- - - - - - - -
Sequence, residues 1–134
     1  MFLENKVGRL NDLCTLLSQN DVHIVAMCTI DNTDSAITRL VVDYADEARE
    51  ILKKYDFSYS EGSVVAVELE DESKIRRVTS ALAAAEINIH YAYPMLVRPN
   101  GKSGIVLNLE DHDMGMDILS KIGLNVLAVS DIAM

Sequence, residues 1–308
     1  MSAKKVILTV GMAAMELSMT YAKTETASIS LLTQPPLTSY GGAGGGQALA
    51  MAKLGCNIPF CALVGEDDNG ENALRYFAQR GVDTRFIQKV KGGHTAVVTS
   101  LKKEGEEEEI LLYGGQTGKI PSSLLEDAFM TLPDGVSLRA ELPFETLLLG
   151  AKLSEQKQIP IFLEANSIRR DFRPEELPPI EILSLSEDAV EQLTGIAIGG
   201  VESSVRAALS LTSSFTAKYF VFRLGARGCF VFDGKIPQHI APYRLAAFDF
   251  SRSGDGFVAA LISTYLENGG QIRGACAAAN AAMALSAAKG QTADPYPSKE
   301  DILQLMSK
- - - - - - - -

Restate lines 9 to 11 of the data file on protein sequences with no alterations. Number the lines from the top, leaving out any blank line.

   151  AKLSEQKQIP IFLEANSIRR DFRPEELPPI EILSLSEDAV EQLTGIAIGG
   201  VESSVRAALS LTSSFTAKYF VFRLGARGCF VFDGKIPQHI APYRLAAFDF
   251  SRSGDGFVAA LISTYLENGG QIRGACAAAN AAMALSAAKG QTADPYPSKE